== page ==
Green Mountain Care Board: Already in over its head

By Rob Roper 

“If we vote to pull the [request for a communications director], we’ll create a new controversy. And that new controversy could be, well, is this board independent or not from the Administration?”

– Green Mountain Care Board Member, Con Hogan.

It seemed like a simple thing: bringing on a professional communications person to assist the Green Mountain Care Board with public outreach. But, what was supposed to be a public relations boon turned quickly turned into PR nightmare. Less than a week after voting to fill the communications position, the GMC Board voted 4-1 to pull the request.

Beyond the embarrassment of the political firestorm, which saw the GMC board catching flack from the Right, the Left, and most importantly from the Administration, the episode and its fallout are revealing some deep flaws in the whole concept of the Board itself. Is it truly independent of the Administration? Is it even capable of pulling off the task with which it is charged?

Frustration and even anger on the part of the Board Members was palpable at their Tuesday afternoon meeting as they, one by one, blamed the media, the political process, the Shumlin Administration, and, in part, themselves for the fiasco.

Chairwoman Anya Rader Wallack explained, “People… have criticized our decision we made at the last meeting to seek out help in communicating with the public, and to gather input into our work. And I think that criticism is based in part on a misunderstanding of what it is we were looking for. I take some responsibility for that in that we put out an RFP that used language in our request for proposal that could be construed as “spin” or “propaganda” if somebody wanted to do that, or if they didn’t take the time to fully read the RFP.”

Member Con Hogan was blunt. “The media over the last few days has been full of crap. Words like “flacks” to describe the kind of person we’re looking for; that we’re creating a department of propaganda; that our sole purpose is to improve the personal images of the people on this board. That’s all been in the media. And, it caused an environment in where, as far as I’m concerned, the Administration completely overreacted.”

Hogan went on to express a further worry that, “If we vote to pull the RFP, we’ll create a new controversy. And that new controversy could be, well, is this board independent or not from the Administration?”

Indeed, Rader Wallack prefaced her remarks with the statement, “I don’t agree with those who have criticized us for doing this. But,… I am not – just to set the record straight — I am not making the recommendation I’m about to make, or the request that I’m about to make, because the governor or anybody else contacted me about these concerns.”

Not to sound too cynical, but that claim rings a little hollow, particularly after Con Hogan explained why he was going to vote to pull the board’s hiring request, “We have to coordinate closely with the Administration early on in our work, because they are working on things that we need in order to do our job… We have to have a relationship with the Administration to continue to get that work done.”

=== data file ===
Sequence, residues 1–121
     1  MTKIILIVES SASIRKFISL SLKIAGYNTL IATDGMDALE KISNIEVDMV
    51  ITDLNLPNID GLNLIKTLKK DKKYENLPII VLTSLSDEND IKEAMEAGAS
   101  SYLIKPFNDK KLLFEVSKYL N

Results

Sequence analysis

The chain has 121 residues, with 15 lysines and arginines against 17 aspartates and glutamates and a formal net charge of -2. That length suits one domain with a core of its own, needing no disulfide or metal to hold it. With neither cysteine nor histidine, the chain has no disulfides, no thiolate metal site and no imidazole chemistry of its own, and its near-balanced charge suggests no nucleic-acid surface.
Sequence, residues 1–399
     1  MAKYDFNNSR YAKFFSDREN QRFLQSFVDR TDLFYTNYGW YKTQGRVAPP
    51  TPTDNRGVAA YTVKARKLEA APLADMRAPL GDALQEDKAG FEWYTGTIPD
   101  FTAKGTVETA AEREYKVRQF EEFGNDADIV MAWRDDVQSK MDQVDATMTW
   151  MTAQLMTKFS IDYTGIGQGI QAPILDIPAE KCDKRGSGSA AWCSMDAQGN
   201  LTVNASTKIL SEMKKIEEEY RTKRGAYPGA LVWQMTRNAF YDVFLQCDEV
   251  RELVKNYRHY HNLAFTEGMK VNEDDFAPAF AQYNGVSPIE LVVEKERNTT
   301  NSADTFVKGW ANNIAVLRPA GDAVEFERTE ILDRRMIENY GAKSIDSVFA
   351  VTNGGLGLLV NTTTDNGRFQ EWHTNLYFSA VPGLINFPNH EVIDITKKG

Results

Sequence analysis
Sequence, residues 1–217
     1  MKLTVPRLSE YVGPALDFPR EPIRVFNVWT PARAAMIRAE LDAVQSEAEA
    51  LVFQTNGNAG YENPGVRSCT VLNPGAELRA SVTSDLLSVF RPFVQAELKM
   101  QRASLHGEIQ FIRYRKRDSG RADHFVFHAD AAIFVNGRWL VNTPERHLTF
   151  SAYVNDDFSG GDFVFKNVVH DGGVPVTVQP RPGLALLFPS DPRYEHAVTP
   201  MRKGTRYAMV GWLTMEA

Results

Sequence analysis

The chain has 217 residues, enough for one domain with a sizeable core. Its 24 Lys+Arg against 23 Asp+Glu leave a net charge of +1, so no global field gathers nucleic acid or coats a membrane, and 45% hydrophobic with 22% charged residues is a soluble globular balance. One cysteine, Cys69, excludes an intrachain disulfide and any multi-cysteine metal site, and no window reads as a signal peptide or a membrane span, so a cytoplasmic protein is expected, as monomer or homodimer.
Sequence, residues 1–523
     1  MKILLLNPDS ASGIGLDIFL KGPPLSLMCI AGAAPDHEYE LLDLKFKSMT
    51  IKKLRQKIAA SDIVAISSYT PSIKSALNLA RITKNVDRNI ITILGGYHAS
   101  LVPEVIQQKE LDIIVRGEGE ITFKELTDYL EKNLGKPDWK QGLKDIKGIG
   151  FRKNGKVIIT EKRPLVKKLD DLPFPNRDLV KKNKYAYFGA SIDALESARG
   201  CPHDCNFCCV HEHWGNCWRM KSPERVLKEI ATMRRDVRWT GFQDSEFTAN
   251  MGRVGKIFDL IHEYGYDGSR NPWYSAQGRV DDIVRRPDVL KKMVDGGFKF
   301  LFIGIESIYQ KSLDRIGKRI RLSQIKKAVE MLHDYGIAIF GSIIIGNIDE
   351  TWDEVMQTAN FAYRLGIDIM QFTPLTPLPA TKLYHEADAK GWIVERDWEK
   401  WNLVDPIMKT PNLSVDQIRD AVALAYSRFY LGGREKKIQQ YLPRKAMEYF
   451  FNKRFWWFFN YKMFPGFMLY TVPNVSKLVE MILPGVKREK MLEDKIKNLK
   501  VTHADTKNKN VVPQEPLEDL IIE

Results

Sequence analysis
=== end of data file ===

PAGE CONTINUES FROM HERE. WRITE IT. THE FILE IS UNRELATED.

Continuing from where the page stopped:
The Board is supposed to be “independent” and “apolitical”. But, back in August, when Rader Wallack was serving as Governor Shumlin’s Special Council on Healthcare and under consideration to chair the Green Mountain Care board, people wondered exactly how independent the board could be with her in charge. At the time, Rep. Vicki Strong (R-Albany), who served on the nomination committee, raised the red flag, “What is [her nomination] saying?… Already there is skepticism of these five people who are going to change healthcare for our state. What is this saying about our state? Is this just all politics? We need a credible board to have [Green Mountain Care] be believable.”

Perhaps of deeper concern was the Board’s expressions of not being up to completing its tasks without the help of a communications director – which they’re not getting.

Al Gobeille, the board member chosen for his business experience, said, “I felt compelled by the wording in Act 48 that it was almost an overwhelming task to do the public engagement task that is in the law, and I’m not sure how we can do it. If we vote to rescind the RFP, the need is still there.

Gobeille pointed to specific areas language that the Board will have to carry out, “One is that we’re supposed to ‘engage Vermonters in seeking ways to equitably distribute health services….’ And it goes on. But, I don’t know what that means, so I don’t know how we’re going to engage them. So, if we don’t have someone to engage them, and I don’t know what it means, we’re going to have a problem doing that.”

When Governor Peter Shumlin sold the idea of universal healthcare and the creation of a five person panel to run it, he acknowledged that everyone was right to be worried because government has “gotten it wrong every single time.” This time would be different, he assured us, because he was going to put “really smart people” in charge of the process.

These folks may be really smart, but today they looked like they were in over their heads both in terms of being able to handle the political realities of their situation and in terms of being up to the task before them. Ironically, they really could have used a communications consultant. Rader Wallack closed the meeting foregoing and without acknowledging the last item on the printed agenda: “Public Comment (15 minutes).”